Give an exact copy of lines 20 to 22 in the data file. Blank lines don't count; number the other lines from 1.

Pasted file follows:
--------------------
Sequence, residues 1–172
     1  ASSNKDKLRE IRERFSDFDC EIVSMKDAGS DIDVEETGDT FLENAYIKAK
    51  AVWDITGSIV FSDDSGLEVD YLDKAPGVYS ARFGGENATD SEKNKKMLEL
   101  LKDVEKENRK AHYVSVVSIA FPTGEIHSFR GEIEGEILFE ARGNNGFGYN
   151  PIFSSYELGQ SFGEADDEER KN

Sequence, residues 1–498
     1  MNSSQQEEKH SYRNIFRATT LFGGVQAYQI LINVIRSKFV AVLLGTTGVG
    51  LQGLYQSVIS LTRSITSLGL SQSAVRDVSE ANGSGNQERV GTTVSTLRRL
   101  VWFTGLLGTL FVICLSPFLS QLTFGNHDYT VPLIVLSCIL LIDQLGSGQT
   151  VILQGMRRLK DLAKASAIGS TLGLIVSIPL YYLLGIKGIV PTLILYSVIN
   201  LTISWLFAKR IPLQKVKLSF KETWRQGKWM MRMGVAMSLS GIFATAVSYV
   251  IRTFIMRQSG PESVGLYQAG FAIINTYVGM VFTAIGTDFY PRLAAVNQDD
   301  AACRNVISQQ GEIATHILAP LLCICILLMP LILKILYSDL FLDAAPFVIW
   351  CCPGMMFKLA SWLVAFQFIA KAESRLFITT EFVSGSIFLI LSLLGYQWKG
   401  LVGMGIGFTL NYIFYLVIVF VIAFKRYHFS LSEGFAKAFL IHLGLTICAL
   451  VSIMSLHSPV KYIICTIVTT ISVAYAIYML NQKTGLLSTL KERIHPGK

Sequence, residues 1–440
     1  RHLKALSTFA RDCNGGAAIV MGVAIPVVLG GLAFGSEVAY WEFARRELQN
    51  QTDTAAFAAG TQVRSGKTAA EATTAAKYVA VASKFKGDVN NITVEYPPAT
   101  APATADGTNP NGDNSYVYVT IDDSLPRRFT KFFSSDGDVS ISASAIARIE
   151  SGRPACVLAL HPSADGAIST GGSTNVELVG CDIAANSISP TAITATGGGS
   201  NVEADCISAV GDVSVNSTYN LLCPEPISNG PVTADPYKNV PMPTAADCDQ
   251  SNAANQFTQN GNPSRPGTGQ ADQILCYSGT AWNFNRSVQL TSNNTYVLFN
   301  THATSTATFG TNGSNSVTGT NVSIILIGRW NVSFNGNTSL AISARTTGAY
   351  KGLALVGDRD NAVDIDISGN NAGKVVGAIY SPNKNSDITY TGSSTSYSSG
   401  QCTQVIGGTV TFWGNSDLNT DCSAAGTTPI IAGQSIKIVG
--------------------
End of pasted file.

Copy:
   101  APATADGTNP NGDNSYVYVT IDDSLPRRFT KFFSSDGDVS ISASAIARIE
   151  SGRPACVLAL HPSADGAIST GGSTNVELVG CDIAANSISP TAITATGGGS
   201  NVEADCISAV GDVSVNSTYN LLCPEPISNG PVTADPYKNV PMPTAADCDQ